Fashion stores New Look and Hackett move to St James centre as fears grow for Princes Street

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Fashion stores New Look and Hackett have joined the exodus from Princes Street and George Street by agreeing to move into the new St James Quarter when it opens next year.

They follow Zara and Next, who have already committed to moving into the St James from Princes Street.

It is understood that units at the £850 million shopping centre are filling up rapidly with top high street and more high-end fashion names despite concerns about the economic impact of Brexit uncertainty.

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The move will fuel concern about the impact that the opening of the St James will have on the shopping vitality of Princes Street and George Street and speculation that more stores may follow suit.

The Edinburgh St James centre.The Edinburgh St James centre.
The Edinburgh St James centre.

The Evening News understands that Hackett and New Look will both move their stores to the new centre from George Street and Princes Street respectively.

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Change of Use

Edinburgh City Council held a public consultation in August and September on a proposed ‘change of use’ to allow food and drink outlets, and the issue is due to be discussed at the December Planning Committee.

Garry Clark, East of Scotland Development Manager of the Federation of Small Businesses (FSB), said the organisation is ‘very supportive’ of the rule change.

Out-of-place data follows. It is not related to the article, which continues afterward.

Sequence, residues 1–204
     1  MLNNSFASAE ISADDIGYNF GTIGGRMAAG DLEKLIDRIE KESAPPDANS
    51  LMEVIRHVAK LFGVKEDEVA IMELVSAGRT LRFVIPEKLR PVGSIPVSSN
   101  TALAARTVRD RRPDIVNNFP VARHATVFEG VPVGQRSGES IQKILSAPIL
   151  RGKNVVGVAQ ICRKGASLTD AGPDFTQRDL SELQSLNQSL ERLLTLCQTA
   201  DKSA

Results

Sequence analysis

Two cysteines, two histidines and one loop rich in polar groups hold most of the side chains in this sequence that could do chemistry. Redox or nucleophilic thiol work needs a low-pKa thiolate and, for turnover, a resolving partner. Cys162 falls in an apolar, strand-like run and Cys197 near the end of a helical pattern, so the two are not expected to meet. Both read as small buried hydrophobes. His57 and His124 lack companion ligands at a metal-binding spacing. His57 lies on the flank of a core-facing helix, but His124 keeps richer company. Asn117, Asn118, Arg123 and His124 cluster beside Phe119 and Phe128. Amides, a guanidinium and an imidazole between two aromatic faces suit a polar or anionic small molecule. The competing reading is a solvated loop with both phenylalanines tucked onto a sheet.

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“Retail, even on Princes Street, is not the retail we had 20 years ago,” he said.

“The St James Centre will take up most of the retail offering in the city, and Princes Street will need a more diverse offering, with some retail in there.”

Mr Clark said that potential new uses for the iconic street could include residential properties and office buildings, as well as bars and restaurants.

“We would want to see opportunities for independent businesses. It would make Princes Street more attractive, and make it a place where people want to spend time,” he said.

World-class Retail

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Joanne Davidson, Head of Policy and Innovation at Edinburgh Chamber of Commerce, also supported the change of use.

“Pragmatic development is in everyone’s interests. As a city, Edinburgh has to both grow to its potential while at the same time stewarding the essence of what makes it one of the best places in the world to live, work and grow a business in,” she said.

We need world class retail, office and residential space in the right places to maximise both the quality of amenities and the quality of life in the city,”

We believe that encouraging full and varied use of Princes Street is a positive move for Edinburgh’s economy, but careful consideration should be given to ensure this proposal fits in with the ambitious plans that the City of Edinburgh Council has for city centre as a whole.”

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A spokesperson from the Edinburgh Tourism Action Group said: “Edinburgh is a growing and vibrant city and it is only right Princes Street continue to evolve to meet the changing needs of residents and tourists alike.

“The ongoing development of the Diageo Johnnie Walker Experience, combined with the proposed changes to the CEC planning policy, demonstrates that there is a unique opportunity for Princes Street to become something really special, offering residents and visitors alike new experiences beyond the traditional retail offer.”

Chris Pyne, Leasing Director at Edinburgh St James, said: “We are holding discussions with a number of occupiers, who see the advantages of taking space in what will become a new focal point for Edinburgh’s retail, dining and leisure scene. That said, we do not comment on confidential negotiations whilst they remain just that.”

New Look and Hackett could not be reached for comment.